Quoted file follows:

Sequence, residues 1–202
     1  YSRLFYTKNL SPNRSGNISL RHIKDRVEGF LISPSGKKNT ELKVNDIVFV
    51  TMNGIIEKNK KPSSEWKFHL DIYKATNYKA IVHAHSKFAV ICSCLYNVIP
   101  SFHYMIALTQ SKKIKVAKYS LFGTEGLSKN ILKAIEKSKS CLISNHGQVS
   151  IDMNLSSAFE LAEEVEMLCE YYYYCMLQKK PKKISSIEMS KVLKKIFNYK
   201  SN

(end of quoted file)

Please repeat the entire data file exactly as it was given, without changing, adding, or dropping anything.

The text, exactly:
Sequence, residues 1–202
     1  YSRLFYTKNL SPNRSGNISL RHIKDRVEGF LISPSGKKNT ELKVNDIVFV
    51  TMNGIIEKNK KPSSEWKFHL DIYKATNYKA IVHAHSKFAV ICSCLYNVIP
   101  SFHYMIALTQ SKKIKVAKYS LFGTEGLSKN ILKAIEKSKS CLISNHGQVS
   151  IDMNLSSAFE LAEEVEMLCE YYYYCMLQKK PKKISSIEMS KVLKKIFNYK
   201  SN